NAT Discovery in the ByteBlower GUI
Posted by Pieter Vandercammen, Last modified by Craig Godbold on 29 November 2023 11:57 AM
This article describes the behavior of the NATDiscovery in the ByteBlower GUI. The text intends to answer technical questions. For a step-by-step guide on how to use NATDiscovery we have an article in the examples section.|
The NAT discovery is enabled in the port view. We'll assume that the reader is already somewhat familiar with how a NAT operates. The focus in this article is solely on using such ByteBlower ports for FrameBlasting.
Problem descriptionAny ByteBlower Port can be used as source or destination of a FrameBlasting flow. As we'll see further, this makes an important difference. For the clarity we'll call traffic out of the NAT the upstream direction. The ByteBlower Port with the NAT config is then the source of the flow. The reverse direction, traffic streaming into the NAT is called the downstream direction. In this second case, the NAT config is found on the destination. An example is found in the figure below.
In the figure above, both NAT_CPE_1 and NAT_CPE_2 are inside the LAN. They are configured with a valid IPv4 address and can reach each-other using that address. Yet these addresses won't be known outside of their LAN. A router or modem provides the connection with the wider network. It will modify all traffic into and out of the LAN.
What part of the packets do change? Only where the frames are addressed to. This keeps the devices inside the LAN private. A very common situation is that that all upstream traffic shares the same IPv4 source address. When needed the Layer 4 port numbers (e.g. UDP) will also change. This packet modification is called a Network Address Translation or NAT. One such NAT mapping is made for each IPV4 address and UDP port number being sent upstream. The devices inside the NAT, they themselves don't know to which values their packets will be translated to.
This upstream traffic is shown in the figure below. CPE1 and CPE2 both sent traffic upstream (green arrows). The addresses of this traffic are translated. A node in the Wide Area Network (WAN) can't tell anymore whether the lighter shade was from CPE1 or CPE2, only the router in the middle is able to.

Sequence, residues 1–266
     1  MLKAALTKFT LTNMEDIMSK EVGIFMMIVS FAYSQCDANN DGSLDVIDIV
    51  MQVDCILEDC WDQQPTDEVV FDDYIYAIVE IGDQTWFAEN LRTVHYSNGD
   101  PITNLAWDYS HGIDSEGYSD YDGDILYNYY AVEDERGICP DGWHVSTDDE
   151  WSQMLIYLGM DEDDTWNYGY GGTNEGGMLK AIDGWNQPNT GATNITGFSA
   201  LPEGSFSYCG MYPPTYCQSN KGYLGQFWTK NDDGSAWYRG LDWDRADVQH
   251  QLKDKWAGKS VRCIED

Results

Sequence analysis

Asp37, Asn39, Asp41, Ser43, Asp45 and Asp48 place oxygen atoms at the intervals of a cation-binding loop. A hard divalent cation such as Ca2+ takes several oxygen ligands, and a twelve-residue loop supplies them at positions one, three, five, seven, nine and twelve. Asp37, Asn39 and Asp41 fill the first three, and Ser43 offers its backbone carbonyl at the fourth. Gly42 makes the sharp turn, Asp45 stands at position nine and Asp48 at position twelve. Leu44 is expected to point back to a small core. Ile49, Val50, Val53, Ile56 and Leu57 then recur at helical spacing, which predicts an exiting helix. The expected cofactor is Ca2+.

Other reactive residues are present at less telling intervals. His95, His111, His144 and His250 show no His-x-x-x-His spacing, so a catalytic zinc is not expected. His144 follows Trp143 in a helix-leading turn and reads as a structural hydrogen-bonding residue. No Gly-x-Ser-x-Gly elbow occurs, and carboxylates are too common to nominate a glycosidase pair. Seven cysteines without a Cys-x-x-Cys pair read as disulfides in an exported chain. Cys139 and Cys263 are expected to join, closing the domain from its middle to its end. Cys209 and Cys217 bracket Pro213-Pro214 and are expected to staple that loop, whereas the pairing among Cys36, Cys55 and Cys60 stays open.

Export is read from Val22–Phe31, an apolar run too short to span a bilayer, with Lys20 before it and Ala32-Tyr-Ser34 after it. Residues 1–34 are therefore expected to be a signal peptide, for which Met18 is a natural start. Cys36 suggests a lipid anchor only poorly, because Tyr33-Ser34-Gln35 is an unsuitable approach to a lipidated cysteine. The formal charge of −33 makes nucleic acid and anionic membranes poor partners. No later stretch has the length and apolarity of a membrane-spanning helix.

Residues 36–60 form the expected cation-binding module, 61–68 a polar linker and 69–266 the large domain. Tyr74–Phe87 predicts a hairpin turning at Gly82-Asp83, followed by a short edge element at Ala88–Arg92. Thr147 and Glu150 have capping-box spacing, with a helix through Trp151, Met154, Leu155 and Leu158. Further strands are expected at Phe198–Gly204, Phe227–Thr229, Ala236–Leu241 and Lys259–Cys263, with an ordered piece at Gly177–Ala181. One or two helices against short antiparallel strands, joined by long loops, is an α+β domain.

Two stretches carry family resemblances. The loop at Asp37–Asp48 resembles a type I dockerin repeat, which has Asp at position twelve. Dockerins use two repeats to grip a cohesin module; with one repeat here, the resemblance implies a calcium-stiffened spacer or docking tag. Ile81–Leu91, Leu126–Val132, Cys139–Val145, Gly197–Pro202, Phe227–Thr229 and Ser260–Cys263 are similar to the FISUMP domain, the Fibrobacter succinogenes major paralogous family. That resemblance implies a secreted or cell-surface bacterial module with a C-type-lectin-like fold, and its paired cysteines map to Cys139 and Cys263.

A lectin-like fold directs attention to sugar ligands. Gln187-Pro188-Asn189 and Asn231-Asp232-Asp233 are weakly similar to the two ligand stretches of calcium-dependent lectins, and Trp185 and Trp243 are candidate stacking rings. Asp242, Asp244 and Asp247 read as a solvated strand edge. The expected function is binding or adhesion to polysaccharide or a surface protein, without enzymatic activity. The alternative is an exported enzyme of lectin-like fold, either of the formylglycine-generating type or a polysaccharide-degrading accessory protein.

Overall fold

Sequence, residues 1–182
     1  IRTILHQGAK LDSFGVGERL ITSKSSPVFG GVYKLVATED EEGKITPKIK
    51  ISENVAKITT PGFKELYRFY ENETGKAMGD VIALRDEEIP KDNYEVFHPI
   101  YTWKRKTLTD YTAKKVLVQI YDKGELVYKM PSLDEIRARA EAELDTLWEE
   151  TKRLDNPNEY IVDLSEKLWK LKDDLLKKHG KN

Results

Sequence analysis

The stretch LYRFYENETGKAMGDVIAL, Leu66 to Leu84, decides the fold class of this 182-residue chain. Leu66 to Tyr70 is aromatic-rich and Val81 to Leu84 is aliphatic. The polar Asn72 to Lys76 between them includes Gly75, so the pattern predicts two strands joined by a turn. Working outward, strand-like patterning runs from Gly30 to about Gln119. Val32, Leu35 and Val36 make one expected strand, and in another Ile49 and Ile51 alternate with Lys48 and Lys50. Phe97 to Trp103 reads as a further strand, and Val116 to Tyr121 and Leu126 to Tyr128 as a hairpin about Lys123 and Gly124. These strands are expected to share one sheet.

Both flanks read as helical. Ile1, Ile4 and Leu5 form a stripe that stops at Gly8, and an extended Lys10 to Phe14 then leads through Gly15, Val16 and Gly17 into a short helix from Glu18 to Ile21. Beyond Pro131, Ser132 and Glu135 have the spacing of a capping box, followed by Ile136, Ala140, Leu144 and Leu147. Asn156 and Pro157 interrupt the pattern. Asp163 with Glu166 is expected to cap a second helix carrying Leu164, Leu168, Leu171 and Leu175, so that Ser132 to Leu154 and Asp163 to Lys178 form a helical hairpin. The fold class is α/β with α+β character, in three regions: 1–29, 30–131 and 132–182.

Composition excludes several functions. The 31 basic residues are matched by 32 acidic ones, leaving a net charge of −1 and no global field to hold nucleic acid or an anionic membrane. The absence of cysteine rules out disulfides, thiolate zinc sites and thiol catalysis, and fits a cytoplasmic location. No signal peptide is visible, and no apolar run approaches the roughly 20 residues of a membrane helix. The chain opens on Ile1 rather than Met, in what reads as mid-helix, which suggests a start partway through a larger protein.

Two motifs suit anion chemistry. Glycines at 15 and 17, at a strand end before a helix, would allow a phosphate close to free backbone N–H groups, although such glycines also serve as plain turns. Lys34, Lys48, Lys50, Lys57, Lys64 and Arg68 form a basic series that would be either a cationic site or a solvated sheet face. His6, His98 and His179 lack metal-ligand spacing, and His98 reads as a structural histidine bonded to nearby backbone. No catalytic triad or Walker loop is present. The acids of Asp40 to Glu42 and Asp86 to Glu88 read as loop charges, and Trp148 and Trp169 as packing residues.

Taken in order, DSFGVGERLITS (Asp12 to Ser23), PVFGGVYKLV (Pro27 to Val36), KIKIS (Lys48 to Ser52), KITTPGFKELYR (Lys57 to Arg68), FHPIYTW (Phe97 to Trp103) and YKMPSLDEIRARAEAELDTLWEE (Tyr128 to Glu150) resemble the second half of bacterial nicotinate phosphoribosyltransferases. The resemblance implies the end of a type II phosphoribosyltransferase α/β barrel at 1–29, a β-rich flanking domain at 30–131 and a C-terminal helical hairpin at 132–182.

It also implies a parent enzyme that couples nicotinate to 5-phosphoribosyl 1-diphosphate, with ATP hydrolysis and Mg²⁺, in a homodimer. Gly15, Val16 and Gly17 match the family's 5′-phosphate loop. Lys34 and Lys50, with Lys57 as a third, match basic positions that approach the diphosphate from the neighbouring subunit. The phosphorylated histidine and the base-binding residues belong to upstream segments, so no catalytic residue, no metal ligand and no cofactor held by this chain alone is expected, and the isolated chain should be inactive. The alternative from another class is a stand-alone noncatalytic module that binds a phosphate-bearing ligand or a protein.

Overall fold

Downstream traffic is more tricky. The IPv4 addresses of the devices inside the LAN are kept secret, you can't thus reach them with these. In fact you can only reach the devices using an already existing NAT mapping. This mapping is only created from upstream traffic. In summary, if you want to sent traffic downstream, the CPE first needs to contact you upstream.
This translation has an impact on your ByteBlower. Default the ByteBlower uses both source and destination addresses to recognize to whom the traffic belongs. Aftertranslation these values will have changed. The addresses thus need to be resolved, this will be described in the upstream discovery section. In addition for downstream traffic the NAT mapping needs to be initialized with upstream data first.
Upstream DiscoveryAs presented above, the addresses of packets from the CPE to the WAN are translated by the NAT. The upstream discovery determines the values they are being translated to. This discovery is done for FrameBlasting flows with a source that has the NAT config enabled. It's performed while setting up the test.
Determining the translation is straightforward, the ByteBlower GUI takes the steps below:
Below we'll briefly describe the steps in this discovery. This will help troubleshooting potential issues.
Step 1: Frame creationA new frame is created based on the original frame. We'll call this the NAT Discovery Frame. It has the same values for following fields:
Step 2: Upstream trafficThe probing frame is sent out from the ByteBlower port with the NAT config. The frame rate is low: about 10 packets a second or at about 8 kbit/s. Traffic is generated for at most 20 second, but as we'll see next, most of the time the NATDiscovery finishes earlier.
Step 3 and 4: Receiving the frameA RawBasicCapture captures all traffic. A BPF filter based on the IPv4 and Layer 3 (mostly UDP) destination addresses of the frame limits the number of captured packets. Each received packet is compared to the expected payload from step 1. This comparison is done eagerly: as soon as new frames arrive.
The source IPv4 address and the source Layer 4 port of the received frame are retained. We call these the public addresses. These values are used to count the traffic during the test-run.
Downstream DiscoveryIn this section we'll explain the downstream discovery. This algorithm is used when the destination of the FrameBlasting flow is behind a NAT.
As we mentioned in the introduction, downstream traffic through a NAT requires first upstream data. These first packets create the NAT mapping. Only after this step, downstream traffic is possible. This is reflected in the steps for the downstream discovery:
Step 1 Do upstream discoveryUpstream discovery is started from the destination ByteBlower port, this is the ByteBlower port inside the NAT. This can be confusing: even though this port is configured to receive the traffic of the flow, it will transmit during initialization.
The public addresses are used in the second step.
Step 2: Adapt the FramesThe configured ByteBlower frames are modified to the learned NAT mapping. The public IPV4 address and learned Layer 4 port are used as the destination of the frame.